Right now the rethugs in Congress would vote no on a bill introduced by Dems to have Reagan added on Mt Rushmore... they are taking their 'stand' by saying no to everything - even more conservative stuff and of course things that benefit their own constituents. They look and sound so ridiculous that if later on Obama were to request more liberal legislation on areas in health care, education, environment - when rethugs vote no - no one will take them seriously. It will be just more of the same.

Or maybe I am just tired and want change so bad that I am reading more into everything.

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Posted by nadine_mn in General Discussion (1/22-2007 thru 12/14/2010)
Fri Dec 19th 2008, 01:34 AM
I wasn't going to weigh in on this because I know many of my points have probably been stated more vehemently and more eloquently by othe DUers.

But dammit, everytime I hear a clip of Obama stating that he has always been a "fierce advocate" for gays and lesbians, my blood pressure goes up and I need to breathe deep.

Because you know what, you can't be a "fierce advocate" if you openly discriminate against a group of people. And yes, saying that one is against gay marriage is discriminatory. It isn't a word choice= civil unions vs marriage, a lifestyle choice, or a social issue to disagree on. It is discrimination pure and simple. It's not even about being a homosexual or marriage.

It is about the Majority having a legal right to do X and a Minority being denied the same right.

Obama's statement:
"And that's how it should be, because that's what America is about," Obama said responding to a question at a news conference about his and Warren's differences on social issues. "That's part of the magic of this country is that we are diverse and noisy and opinionated."

Discrimination is not a social issue... it is a civil rights issue. It isn't open for 'dialogue' in my opinion, especially to a Constitutional law scholar.

And frankly, I don't give rats ass about who Bill Clinton or any other president had speak at his inauguration - I am talking about right now. After the travesty of Prop 8, this is a slap in the face to everyone, not just the GLBT community, although it is especially offensive to them.

The crap about uniting and reaching across the aisle... you know who Obama should be uniting and reaching across the aisle to? The GLBT community. Because they have suffered and continue to suffer hate and discrimination, and especially after Prop 8, now is the time to show that you are united behind the rights of all Americans.

The argument that it is only a 90 seconds - that is 90 seconds of worldwide attention to a man who preaches hate - yes hate. Likening gay marriage to incest or pedophilia is hate.

And Obama's comment about oh well we agree on issues like poverty and global warming... sorry not the same as denying an entire class of people the right that the majority enjoys.

Ok I am done for now - I just had to say it... I am pissed, though not surprised. A long time ago, during the primaries I stated I wasn't a big fan of Obama and I was accused of being racist. I quit coming to DU for awhile, until the nomination was final. I voted for Obama. But I couldn't campaign for him because of his remarks about not supporting gay marriage and the whole Donnie McClurkin thing.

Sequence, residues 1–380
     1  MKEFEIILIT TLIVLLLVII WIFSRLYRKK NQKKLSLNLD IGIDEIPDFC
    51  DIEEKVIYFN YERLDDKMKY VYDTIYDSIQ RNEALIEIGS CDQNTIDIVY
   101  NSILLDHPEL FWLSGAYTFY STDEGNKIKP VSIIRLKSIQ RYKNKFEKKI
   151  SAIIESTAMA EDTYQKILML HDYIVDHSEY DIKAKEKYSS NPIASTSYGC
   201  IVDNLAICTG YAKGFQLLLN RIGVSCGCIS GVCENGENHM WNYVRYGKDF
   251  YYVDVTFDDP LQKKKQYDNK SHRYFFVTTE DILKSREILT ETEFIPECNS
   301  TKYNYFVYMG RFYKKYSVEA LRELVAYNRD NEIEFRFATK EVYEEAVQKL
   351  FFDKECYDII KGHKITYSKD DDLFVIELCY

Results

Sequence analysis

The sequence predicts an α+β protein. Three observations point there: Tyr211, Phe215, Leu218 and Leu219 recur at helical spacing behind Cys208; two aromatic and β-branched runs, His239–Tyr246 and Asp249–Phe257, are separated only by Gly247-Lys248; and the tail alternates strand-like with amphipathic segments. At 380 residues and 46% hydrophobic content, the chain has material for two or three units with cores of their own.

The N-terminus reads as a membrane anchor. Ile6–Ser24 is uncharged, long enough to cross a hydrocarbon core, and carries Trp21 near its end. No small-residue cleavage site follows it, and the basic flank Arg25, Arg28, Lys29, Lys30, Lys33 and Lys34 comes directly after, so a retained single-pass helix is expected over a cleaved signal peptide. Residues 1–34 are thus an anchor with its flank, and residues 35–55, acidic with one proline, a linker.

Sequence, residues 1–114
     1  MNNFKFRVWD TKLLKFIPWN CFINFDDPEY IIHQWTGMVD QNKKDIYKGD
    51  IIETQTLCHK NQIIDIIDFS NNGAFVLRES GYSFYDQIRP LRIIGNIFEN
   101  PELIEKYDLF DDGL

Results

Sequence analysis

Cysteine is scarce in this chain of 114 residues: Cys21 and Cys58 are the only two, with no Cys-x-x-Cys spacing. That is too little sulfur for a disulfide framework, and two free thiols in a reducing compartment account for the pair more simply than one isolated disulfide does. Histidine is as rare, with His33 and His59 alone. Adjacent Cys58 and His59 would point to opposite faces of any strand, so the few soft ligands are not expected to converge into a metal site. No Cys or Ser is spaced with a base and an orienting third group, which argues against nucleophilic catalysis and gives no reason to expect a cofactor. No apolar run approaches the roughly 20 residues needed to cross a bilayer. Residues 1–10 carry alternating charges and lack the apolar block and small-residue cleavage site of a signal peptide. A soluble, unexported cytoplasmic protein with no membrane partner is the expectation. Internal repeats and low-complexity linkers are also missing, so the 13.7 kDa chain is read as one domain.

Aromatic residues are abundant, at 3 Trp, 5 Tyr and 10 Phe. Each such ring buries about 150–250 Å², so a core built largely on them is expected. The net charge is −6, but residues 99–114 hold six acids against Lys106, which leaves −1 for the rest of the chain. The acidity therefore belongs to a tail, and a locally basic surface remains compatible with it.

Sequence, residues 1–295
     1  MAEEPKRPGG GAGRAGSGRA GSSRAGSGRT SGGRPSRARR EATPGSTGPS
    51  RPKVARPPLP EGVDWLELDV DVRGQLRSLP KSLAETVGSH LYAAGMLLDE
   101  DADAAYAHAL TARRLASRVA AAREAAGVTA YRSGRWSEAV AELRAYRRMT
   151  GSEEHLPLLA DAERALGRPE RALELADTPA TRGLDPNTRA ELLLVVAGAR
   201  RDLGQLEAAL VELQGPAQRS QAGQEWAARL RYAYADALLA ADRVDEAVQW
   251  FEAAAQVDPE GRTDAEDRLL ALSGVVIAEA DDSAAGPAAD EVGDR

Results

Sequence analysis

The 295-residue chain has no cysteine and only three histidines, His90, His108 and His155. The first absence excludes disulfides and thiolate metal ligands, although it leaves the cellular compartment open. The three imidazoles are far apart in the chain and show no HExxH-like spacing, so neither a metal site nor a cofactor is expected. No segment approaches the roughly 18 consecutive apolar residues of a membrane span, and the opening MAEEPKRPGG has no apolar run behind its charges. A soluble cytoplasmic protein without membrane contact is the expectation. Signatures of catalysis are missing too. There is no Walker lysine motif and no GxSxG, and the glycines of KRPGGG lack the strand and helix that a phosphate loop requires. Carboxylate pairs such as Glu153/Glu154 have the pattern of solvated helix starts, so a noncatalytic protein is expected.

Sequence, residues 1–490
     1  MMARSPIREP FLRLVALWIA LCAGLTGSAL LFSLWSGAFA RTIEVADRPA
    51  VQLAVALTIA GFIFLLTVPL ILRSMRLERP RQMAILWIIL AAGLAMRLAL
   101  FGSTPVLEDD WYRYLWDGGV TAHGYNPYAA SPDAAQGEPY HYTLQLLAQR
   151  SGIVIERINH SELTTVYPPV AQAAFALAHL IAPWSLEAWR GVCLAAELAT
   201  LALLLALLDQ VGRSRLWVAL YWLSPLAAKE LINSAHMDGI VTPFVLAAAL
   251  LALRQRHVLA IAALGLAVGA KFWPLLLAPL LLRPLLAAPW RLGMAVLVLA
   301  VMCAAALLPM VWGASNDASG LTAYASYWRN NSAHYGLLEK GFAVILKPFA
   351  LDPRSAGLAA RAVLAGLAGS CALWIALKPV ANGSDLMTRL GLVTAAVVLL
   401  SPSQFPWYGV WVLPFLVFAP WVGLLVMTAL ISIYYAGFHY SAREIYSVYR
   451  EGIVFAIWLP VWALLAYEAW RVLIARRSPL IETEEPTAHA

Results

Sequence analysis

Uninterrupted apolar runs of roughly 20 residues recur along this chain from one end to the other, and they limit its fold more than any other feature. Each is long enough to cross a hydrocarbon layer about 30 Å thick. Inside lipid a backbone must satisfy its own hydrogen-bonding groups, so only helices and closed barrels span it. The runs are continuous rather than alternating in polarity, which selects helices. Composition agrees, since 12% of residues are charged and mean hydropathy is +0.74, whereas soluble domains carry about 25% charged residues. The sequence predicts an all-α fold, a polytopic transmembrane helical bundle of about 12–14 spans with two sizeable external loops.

As someone who went to law school and studied civil rights and that pesky Constitution, I expect someone like Obama, who studied the same stuff (and clearly scored better on his exams than I did) to know discrimination when it rears its ugly head. To know that civil unions for gays and marriage for heteros is not unlike separate but equal. And I don't care if you don't agree or don't like it or if your god says nooo its bad, discrimination is unconstitutional.

Flame away, I don't care because on this issue I am right.
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Posted by nadine_mn in General Discussion (1/22-2007 thru 12/14/2010)
Thu Dec 04th 2008, 08:42 PM
Rarely do I claim to be an expert on anything, but on elder abuse prevention and victim support, I consider myself not only an expert but a damn good one.

Many of you have heard of the story regarding the teens charged with elder abuse in a Minnesota nursing home. /

Before I was wrongfully terminated (as determined by a Minnesota employment law judge... not just me being bitter) just over a year ago; I developed the only crime victim services program that focused soley on elder abuse (both domestic and institutional) in the state of Minnesota. For 3 1/2 years I successfully ran the program and turned it into a nationally recognized resource for elder abuse prevention. I personally trained over 4,000 community members, nursing home staff, law enforcement officers, attorneys, social service workers etc across the state. I was the first person to be recognized and testify as an expert witness on elder abuse in federal administrative law proceedings here in Minnesota. I also worked with hundreds of victims and their families. I have also worked as child abuse advocate and a domestic abuse advocate.

About 2 years ago I trained the staff at the Albert Lea Good Samaritan home.

Here is what you need to know about elder abuse:
(if you want specific cites to the resources, let me know)